“Everything takes a long time in Central America” is an understatement. We spent the last month at Shelter Bay Marina in hopes of getting the boat hauled and the bottom painted. Their lift is operational and has the capacity to lift Seabird but an area needed to be cleared so the boat could be cradled, a generator procured that could power our battery charger and last but not least we needed to resolve some insurance considerations. The management at Shelter Bay is great and they did their best to accommodate us but we elected to move on. We were able to get the boat waxed and detailed prior to our departure and we will miss all the nice people that work at Shelter Bay and the fellow cruisers we have met there.

On Sunday August 5, 2007 at 4:00 PM we left Shelter Bay Marina for the Flats Anchorage in Port Cristobal to start our Panama Canal Transit. Because the Pacific Bound transit takes two days we elected not to hire line handlers as friends and family volunteered to be onboard for the transit. The original plan was to anchor have dinner and our advisor was to board at 7PM and we were scheduled to be in the first lock at 8:27PM with another boat that we were to raft with and enter the canal with a center chamber tie off. This meant that each vessel would have a bow and stern line attached to the wall as were centered in the chamber. Things did not go as planned. Our partner boat made it clear that they did not want a vessel rafted to them and some how managed to leave ahead of schedule. So off goes the partner boat and our advisor does not show up!! Since this was a new experience for all of us we began to wonder if we were going to go that night and we now needed four people to handle the lines instead of two once we did get underway. Several calls to the canal authority and we learned that Victor our advisor was on his way. Victor arrives about 8:40PM and informs us that he is a replacement advisor and that he is really a security guard….flags went up but after a long discussion we learned that he has acted as an advisor on and off for 18 years… we are ready to go once Victor has his supper…
Line assignments are made: Tom (Carol’s brother) and Carol take the bow and Andy and Tut take the stern and Tut’s wife Eddie is my back up and our official photographer. Steven and Victor get us to the first lock behind a large freighter and the four 125ft lines are secured to the wall. We are locking up on the initial 3 locks and the first is the most turbulent when the salt and fresh water mix as the lock opens. It is quite a vortex but Steven maintains control with the bow thruster but we hear a shout from the stern that one of the lines we rented is short. Quick thinking Steven and Victor realign the boat so we don’t lose the line. Locking up is a lot more work than locking down because you are constantly pulling in and securing the lines as the boat rises. By the third lock we were tired but pros and ready to drop the hook in Lake Gatun and enjoy a cocktail or two before crashing for the night. We were happy to see that Victor was our advisor again when he arrived early the next morning. We were all friends by now and we were comfortable with instructions and guidance. He mentioned that we were scheduled to enter the canal with the same boat that left us at the flats the night before. We passed them on our way out at about 7AM and started our 18 mile cruise through the beautiful man made lake Gatun. As we approached the first lock around 10:45 AM we were told that the other boat was two hours behind us (their Pilot was late) and Victor pleaded our case to enter without them. Someone was on our side as we had a private transit for all three locks. They opened the locks for our little vessel and allowed us through all by ourselves….. I don’t think that happens very often!! The line handlers changed positions so that Tom and I were in the stern and as luck would have it we were undercover when a huge thunder storm arrived in the second lock. All the others on the bow were drenched but the rains cleared for the last lock. After lunch a launch comes for Victor and we are on our way to Flamenco Marina. We are only 45 miles from Colon but in a totally different world. The marina is not nearly as nice as Shelter Bay but we are close to Panama City, there are 15 restaurants in walking distance and the climate is drier. The only down side are the slip rates and there are no other cruising boats here but mostly local sport fishing boats with crew on board.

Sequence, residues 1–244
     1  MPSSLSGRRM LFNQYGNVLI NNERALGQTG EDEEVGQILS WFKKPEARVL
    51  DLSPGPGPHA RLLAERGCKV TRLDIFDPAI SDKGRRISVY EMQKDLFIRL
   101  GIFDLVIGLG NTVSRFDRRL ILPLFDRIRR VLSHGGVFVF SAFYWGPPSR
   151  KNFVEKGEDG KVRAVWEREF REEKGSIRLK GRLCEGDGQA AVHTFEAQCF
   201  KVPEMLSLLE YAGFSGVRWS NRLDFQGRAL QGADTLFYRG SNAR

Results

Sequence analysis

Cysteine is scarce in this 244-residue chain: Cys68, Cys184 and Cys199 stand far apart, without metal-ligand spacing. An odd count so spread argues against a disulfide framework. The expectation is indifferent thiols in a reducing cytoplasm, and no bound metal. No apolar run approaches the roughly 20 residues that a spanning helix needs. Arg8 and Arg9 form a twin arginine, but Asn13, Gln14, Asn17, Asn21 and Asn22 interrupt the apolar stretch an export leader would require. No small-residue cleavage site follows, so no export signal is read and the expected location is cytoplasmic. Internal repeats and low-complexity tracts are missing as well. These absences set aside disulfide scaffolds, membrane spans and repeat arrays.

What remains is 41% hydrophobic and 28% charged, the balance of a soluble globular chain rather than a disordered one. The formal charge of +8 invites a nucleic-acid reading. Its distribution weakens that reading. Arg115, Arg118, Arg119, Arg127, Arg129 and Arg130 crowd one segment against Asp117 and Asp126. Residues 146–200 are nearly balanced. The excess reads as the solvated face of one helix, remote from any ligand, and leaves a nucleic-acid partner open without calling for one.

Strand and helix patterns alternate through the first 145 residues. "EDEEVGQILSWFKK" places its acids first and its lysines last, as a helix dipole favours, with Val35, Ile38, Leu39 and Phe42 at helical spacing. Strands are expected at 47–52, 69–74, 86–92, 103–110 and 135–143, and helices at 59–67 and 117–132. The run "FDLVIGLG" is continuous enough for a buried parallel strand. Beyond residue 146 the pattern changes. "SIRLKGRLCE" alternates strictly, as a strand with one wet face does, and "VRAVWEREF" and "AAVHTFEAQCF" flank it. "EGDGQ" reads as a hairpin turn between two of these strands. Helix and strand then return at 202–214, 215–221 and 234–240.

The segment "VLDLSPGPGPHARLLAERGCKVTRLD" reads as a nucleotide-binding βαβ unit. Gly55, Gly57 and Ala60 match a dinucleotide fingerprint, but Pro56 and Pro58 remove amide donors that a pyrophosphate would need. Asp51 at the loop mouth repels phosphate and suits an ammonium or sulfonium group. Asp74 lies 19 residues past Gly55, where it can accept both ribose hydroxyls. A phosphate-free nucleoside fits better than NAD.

I am writing this log aboard Seabird as she sits in the Flamenco Boatyard after an uneventful haul out (except for 18 people shouting instructions in Spanish!!). We expect it to take about 4 days to clean and paint the bottom. We are enjoying a hotel in the city and should be underway to the Las Perlas Islands by weeks end.

Until next time……………………….
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